Congenital syphilis can have a major health impact on a baby, but how it affects the baby’s health depends on when syphilis was acquired in pregnancy and if — or when — the mother received treatment for the infection. Syphilis in pregnant women can cause miscarriage, stillbirth, or the baby’s death shortly after birth.  Approximately 40% of babies born to women with untreated syphilis can be stillborn or die from the infection as a newborn. Babies born with congenital syphilis can have bone damage, severe anemia, enlarged liver and spleen, jaundice, nerve problems causing blindness or deafness, meningitis, or skin rashes.

Syphilis can be treated effectively with penicillin. Pregnant women with diagnosed syphilis should be treated immediately. Their sex partner(s) should also receive treatment to prevent the mother from becoming re-infected and to improve the health of her partner. Surviving infants exposed to syphilis should be evaluated at birth to assess need for additional treatment, and closely followed post-delivery whether or not treatment was provided.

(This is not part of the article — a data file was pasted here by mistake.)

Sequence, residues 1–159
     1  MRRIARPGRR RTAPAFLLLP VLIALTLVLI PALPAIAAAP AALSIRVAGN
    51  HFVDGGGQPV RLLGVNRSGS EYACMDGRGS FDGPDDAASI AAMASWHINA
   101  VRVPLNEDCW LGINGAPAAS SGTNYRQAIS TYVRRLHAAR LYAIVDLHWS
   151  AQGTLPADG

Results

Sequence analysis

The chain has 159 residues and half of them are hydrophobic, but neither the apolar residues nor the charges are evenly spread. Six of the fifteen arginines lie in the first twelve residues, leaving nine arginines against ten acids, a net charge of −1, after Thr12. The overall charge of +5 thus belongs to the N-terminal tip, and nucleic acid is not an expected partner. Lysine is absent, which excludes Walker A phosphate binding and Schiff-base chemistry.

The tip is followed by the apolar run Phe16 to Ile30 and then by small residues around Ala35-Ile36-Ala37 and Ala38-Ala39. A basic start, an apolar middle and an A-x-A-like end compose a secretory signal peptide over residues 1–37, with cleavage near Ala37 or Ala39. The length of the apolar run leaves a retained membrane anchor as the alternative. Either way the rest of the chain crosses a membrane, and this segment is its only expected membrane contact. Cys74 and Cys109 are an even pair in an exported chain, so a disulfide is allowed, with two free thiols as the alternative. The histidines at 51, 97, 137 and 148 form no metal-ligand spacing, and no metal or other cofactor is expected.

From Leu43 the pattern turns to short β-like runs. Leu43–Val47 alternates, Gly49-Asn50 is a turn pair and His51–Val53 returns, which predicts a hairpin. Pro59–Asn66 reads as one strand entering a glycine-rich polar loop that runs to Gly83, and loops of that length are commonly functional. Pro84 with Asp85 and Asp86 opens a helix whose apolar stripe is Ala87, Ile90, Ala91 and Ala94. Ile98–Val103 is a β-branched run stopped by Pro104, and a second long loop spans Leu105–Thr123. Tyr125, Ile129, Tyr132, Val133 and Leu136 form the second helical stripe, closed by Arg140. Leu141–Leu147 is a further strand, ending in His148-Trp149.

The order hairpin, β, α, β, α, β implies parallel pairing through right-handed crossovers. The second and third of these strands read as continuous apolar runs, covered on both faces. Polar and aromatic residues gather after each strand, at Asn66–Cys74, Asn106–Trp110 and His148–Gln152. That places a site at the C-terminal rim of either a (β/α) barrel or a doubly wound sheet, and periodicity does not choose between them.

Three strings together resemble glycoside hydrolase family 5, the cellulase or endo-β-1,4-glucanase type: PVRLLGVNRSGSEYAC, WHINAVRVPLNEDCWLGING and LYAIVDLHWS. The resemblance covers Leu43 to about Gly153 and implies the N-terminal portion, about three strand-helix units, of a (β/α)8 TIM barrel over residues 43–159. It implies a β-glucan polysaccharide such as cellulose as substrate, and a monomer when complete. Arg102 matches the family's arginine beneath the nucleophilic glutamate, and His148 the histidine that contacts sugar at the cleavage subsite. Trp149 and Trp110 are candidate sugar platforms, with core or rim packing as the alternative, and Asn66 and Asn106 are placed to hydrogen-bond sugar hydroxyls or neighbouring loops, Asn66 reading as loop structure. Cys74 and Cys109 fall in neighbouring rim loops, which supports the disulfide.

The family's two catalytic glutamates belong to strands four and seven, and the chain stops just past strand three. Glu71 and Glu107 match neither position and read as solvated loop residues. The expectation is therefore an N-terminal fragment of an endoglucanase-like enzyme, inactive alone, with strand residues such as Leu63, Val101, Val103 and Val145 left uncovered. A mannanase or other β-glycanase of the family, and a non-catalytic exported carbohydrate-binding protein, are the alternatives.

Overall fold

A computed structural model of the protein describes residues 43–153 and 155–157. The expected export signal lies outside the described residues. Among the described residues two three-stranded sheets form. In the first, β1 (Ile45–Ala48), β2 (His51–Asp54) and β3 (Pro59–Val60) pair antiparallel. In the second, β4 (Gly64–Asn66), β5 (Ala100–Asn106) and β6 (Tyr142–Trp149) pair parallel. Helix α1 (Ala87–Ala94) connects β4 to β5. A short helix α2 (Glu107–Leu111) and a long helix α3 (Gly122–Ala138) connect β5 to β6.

Number of pregnant women diagnosed with syphilis (any stage), United States1

Number of congenital syphilis cases, United States2

Number of primary and secondary syphilis cases among women aged 15 to 44 years, United States2

  1. Centers for Disease Control and Prevention. 2017 Sexually transmitted diseases surveillance. Accessed October 2018.
  2. Centers for Disease Control and Prevention. NCHHSTP AtlasPlus. Accessed June 2020.
Page last reviewed: July 10, 2020